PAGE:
CAT 14 Strat – Which section to do first?

In the last few years this decision, for good or for bad, was not in your hands. This year, however, you have the freedom to choose. But if you don’t choose wisely, this can prove a liability. So then, do you start with your strongest suit? Or should you instead choose to do your weaker section (assuming you have one!) when you are still fresh?

Let’s do a little experiment to inform our strategy: take 4-5 section tests of similar type and level, and write them continuously one after another, sticking to the time limits in each. Note the scores. If the scores are nearly the same across all the tests, then stamina is not much of an issue and you are able to maintain a similar (and hopefully high) level of performance throughout the test. But if, as more often happens, you notice a sharp drop-off in performance as time goes by, then chances are your stamina is not what it should be and that nervous exhaustion is taking a heavy toll (this might also explain some of the instances where people with otherwise good VA skills scored a depressingly low section 2 percentile in the past few CATs).

If you find that you have a good stamina and no appreciable drop in scores over a 3 hour stretch, then it might make sense to do your strong section first, totally annihilate it, and then aim at clearing a cut-off in the other section. An advantage would be that you would most probably have performed well in the first section and therefore there would be a morale boost, a feel-good factor, which would stand you in good stead when attempting the relatively weaker section.

However, if stamina is an issue and you find that your concentration tends to drop sharply over time, a safer strategy might be to get your weaker section out of the way while you are still fresh (so that you can at least ensure the cut-offs), and then do the stronger section. (The assumption being that you can do your strong section in your sleep, so to speak!).

Flexibility should also be part of your arsenal of course. Let me give you an example of an acquaintance of mine: when he was an aspirant, English (and especially RC) was his strong point. Stamina was not a major problem, and his concentration could easily hold for 2 hours (CAT was then a 2 hour test with 3 or 4 sections!). So in practice, he used to attack the verbal section/s first and aim to get almost everything in RC and VA and then clear cut-offs in QA and DI. However, on the day of his test he was recovering from a fever and was consequently quite weak – so he made the spot-decision to do the QA / DI first (as that required more concentration) and then moved to VA and finally RC (as those were relatively straightforward for him – to quote him “I can do those with my eyes closed!”). He scored lower than usual in VA, but a bit higher in QA so it still ended up as a very respectable score.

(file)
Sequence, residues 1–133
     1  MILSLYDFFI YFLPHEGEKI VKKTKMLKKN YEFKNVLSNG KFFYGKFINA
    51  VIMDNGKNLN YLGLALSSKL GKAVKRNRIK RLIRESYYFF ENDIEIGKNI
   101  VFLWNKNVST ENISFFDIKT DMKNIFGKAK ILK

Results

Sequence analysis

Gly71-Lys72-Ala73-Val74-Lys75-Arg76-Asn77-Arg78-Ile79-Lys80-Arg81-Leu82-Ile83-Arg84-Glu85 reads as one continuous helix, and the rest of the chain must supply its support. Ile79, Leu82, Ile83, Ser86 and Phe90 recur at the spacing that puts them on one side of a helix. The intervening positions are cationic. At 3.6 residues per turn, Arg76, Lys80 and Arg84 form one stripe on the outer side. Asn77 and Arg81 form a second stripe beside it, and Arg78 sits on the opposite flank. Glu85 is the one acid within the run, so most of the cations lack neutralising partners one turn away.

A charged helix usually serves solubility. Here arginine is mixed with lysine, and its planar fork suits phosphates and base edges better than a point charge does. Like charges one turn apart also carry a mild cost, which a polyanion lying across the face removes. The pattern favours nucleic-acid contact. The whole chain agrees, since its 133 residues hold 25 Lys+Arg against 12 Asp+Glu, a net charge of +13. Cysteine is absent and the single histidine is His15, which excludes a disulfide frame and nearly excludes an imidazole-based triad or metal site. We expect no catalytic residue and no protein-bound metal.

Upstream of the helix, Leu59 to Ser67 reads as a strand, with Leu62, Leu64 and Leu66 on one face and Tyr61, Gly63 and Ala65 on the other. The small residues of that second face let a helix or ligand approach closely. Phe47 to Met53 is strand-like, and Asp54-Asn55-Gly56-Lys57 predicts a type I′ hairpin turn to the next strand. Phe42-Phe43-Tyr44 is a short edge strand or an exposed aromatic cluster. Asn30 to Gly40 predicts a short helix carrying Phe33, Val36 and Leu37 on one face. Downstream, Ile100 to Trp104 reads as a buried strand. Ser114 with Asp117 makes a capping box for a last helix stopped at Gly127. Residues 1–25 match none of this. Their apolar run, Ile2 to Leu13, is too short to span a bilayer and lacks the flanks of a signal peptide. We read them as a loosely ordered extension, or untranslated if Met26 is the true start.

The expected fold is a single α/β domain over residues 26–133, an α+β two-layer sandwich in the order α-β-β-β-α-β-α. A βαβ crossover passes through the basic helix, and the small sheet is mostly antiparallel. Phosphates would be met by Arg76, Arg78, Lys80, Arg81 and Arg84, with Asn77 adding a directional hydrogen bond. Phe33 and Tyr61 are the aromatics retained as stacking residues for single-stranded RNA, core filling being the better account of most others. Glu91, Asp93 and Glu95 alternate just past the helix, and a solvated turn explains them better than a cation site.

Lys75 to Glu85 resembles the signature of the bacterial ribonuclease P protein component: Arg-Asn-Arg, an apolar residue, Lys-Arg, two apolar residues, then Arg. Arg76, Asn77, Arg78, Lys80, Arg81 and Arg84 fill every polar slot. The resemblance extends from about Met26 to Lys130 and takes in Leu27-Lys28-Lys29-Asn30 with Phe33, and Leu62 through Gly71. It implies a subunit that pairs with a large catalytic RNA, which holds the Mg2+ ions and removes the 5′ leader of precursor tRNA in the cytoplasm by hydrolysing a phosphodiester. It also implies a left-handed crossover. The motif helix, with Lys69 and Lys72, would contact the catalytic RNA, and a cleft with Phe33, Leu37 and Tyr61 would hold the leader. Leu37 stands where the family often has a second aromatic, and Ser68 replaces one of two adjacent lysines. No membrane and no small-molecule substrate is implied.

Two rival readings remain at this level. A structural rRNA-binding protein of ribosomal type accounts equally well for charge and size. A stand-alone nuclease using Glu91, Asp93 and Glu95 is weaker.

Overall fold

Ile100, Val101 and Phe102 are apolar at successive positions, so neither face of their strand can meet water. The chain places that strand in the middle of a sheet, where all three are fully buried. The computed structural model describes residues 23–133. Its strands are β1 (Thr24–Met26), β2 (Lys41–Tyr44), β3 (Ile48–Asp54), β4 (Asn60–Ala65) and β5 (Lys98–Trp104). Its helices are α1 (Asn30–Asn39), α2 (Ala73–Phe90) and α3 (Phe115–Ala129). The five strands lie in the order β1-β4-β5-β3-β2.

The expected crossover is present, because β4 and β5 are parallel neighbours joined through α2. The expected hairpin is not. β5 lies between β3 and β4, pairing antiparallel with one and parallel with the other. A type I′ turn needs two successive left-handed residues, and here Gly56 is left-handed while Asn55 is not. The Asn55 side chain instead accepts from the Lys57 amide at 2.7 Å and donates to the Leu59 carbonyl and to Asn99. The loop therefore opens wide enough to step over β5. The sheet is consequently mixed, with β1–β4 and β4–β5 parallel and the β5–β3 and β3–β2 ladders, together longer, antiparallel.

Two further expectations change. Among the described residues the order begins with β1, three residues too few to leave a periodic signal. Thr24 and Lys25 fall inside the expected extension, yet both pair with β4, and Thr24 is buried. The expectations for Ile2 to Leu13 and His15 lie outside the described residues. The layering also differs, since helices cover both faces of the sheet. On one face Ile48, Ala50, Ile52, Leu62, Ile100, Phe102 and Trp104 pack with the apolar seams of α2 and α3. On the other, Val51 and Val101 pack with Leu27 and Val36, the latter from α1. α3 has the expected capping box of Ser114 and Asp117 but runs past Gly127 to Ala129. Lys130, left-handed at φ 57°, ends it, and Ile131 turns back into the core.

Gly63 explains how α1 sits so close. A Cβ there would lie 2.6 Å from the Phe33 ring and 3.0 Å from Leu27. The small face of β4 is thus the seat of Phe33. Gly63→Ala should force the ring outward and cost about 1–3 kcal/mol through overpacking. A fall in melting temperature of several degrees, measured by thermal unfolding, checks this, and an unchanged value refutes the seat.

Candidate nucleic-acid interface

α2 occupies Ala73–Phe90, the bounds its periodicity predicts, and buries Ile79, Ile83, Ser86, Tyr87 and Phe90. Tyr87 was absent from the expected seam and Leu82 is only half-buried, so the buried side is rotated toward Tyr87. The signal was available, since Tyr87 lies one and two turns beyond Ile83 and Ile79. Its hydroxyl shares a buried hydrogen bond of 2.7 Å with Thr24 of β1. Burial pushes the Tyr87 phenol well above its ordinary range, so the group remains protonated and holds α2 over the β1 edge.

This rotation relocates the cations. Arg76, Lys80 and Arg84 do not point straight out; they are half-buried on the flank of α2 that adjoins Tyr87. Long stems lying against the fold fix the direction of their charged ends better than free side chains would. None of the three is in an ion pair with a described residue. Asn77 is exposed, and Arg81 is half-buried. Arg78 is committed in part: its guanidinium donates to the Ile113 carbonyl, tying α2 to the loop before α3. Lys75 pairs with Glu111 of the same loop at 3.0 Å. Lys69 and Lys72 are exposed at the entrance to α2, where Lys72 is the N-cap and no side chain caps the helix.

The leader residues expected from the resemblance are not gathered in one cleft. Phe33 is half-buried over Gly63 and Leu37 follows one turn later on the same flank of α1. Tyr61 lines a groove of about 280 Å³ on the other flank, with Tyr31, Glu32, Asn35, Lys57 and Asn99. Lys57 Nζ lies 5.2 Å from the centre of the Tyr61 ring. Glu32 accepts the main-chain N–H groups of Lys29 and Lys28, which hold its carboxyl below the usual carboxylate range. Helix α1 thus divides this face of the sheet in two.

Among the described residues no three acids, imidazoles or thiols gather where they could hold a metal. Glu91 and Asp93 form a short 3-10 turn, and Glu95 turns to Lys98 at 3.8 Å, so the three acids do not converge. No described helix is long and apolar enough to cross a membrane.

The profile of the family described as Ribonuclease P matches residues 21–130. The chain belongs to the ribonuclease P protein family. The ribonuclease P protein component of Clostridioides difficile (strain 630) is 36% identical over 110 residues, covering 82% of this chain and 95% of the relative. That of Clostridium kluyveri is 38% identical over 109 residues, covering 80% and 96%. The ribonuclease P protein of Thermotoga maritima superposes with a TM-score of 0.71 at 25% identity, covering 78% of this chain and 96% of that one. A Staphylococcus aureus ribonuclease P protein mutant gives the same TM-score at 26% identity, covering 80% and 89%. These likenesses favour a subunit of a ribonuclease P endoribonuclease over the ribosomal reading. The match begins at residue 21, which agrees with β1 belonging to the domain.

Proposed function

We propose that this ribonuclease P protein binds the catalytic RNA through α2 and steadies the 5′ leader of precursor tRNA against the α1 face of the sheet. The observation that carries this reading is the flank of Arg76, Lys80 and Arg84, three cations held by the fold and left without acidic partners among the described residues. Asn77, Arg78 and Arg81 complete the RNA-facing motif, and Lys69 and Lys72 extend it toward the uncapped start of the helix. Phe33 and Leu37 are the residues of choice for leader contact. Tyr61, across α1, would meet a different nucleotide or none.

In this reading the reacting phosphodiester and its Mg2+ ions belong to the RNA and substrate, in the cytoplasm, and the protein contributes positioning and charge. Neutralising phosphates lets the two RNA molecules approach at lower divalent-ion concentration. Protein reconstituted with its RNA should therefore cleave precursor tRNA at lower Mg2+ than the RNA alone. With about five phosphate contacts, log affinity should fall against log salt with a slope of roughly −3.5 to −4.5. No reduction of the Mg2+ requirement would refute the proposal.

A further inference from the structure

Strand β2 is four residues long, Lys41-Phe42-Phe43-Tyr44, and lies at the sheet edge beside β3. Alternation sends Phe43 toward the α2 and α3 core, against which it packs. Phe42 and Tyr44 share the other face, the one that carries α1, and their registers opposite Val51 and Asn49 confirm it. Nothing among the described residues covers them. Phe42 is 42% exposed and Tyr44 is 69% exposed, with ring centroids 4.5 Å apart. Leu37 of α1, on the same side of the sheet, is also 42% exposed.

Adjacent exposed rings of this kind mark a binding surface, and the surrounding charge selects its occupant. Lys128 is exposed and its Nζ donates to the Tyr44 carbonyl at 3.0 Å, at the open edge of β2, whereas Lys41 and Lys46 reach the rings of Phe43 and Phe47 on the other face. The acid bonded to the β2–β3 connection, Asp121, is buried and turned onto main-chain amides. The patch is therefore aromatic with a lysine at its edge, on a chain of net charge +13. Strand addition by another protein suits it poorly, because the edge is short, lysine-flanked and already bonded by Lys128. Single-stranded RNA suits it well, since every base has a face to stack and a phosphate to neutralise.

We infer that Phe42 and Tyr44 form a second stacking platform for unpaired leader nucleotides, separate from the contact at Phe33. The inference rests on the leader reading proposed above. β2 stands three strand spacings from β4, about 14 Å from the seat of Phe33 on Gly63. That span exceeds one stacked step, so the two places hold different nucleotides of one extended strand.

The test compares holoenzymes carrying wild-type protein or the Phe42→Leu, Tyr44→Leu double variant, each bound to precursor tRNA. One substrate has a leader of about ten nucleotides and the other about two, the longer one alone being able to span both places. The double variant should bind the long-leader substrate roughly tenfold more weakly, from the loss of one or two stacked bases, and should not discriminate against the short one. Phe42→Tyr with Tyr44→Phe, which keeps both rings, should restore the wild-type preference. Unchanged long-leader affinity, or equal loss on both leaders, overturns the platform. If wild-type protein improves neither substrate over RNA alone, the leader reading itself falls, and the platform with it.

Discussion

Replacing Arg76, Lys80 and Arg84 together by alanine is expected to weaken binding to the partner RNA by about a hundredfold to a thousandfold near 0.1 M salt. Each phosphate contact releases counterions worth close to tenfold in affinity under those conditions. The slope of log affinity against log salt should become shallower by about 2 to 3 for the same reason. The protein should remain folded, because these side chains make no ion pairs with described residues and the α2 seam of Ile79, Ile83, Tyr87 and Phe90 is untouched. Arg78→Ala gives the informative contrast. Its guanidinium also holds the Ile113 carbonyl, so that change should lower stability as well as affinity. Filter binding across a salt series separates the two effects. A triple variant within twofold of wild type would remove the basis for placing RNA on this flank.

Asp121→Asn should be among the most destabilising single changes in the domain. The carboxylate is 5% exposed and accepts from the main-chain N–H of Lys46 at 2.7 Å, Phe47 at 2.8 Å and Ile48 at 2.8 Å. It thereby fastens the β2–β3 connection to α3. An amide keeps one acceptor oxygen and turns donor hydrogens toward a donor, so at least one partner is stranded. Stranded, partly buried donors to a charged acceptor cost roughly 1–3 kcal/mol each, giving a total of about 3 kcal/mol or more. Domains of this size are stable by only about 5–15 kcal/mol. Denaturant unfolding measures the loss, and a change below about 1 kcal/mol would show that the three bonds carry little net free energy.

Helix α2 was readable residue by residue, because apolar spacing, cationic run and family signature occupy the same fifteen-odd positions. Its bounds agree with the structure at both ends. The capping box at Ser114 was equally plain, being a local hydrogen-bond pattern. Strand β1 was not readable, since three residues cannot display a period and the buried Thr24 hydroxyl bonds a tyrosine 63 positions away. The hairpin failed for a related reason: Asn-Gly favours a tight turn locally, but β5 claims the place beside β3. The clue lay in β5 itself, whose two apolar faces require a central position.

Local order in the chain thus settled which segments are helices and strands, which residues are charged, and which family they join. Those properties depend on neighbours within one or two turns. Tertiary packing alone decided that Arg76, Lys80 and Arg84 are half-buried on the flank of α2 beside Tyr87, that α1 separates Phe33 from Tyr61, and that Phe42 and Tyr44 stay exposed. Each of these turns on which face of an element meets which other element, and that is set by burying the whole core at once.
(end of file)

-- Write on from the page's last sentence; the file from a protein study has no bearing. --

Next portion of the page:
Whichever approach you take, if your stamina drops off too fast, then whatever you do later is going to suffer. So a valid question at this point is, how can one increase stamina? In the next post I will attempt to throw out some suggestions to tackle this…



CAT 14 Strat – Dealing With Change

In recent years, the CAT has had sectional time limits. Consequently, many candidates – especially repeat takers – tend to see those limits as an integral part of CAT. So when it was announced that CAT ’14 would not have such limits, a lot of people were confused (or upset). The older and more experienced people, who have met the CAT in its various avatars over the years, would take it in their stride though; in CAT, as in real life, the maxim “change is the only constant” has been an abiding truth. So let us look at this change and see how it would affect a test-taker.

Firstly, the longer perspective: in the long run, sectional time limits in the CAT have been the exception rather than the rule. Before 2011, the last time there were such limits was in the last millennium (1997 to be precise). In fact, the lack of such time limits better serves the purposes of a test like the CAT; it also tests skills such as “optimal utilisation of limited resources”. In the words of a colleague, when there is a sectional time limit, the candidate just has to do 2 separate maximisations, rather than an overall optimisation. So it is not particularly surprising that the CAT might choose to do away with it.

Note that such a change is not intrinsically good or bad. Whether the CAT chooses to have 60 questions in 140 minutes or 100 questions in 170 minutes (or, as they once used to, 185 questions in 120 minutes), the competition is still the same. At the end of the day, the number of aspirants has not changed due to this. Neither has the number of seats available. So if someone gets hurt by this change, by the same token someone else will benefit. The more things change, the more they remain the same! What it means is that one should understand the implications of the change, and accordingly devise strategies that make the most of one’s own peculiar strengths and weaknesses under the new paradigm. This brings up some obvious questions, a few of which I shall attempt to address in the next couple of strategy posts:

“Which section to do first?”

 “How do I maintain my stamina for 3 hours?”

 “Do I attempt the sections in series or in parallel?”

 “Should I give equal time to each section, or more weightage to one of them?”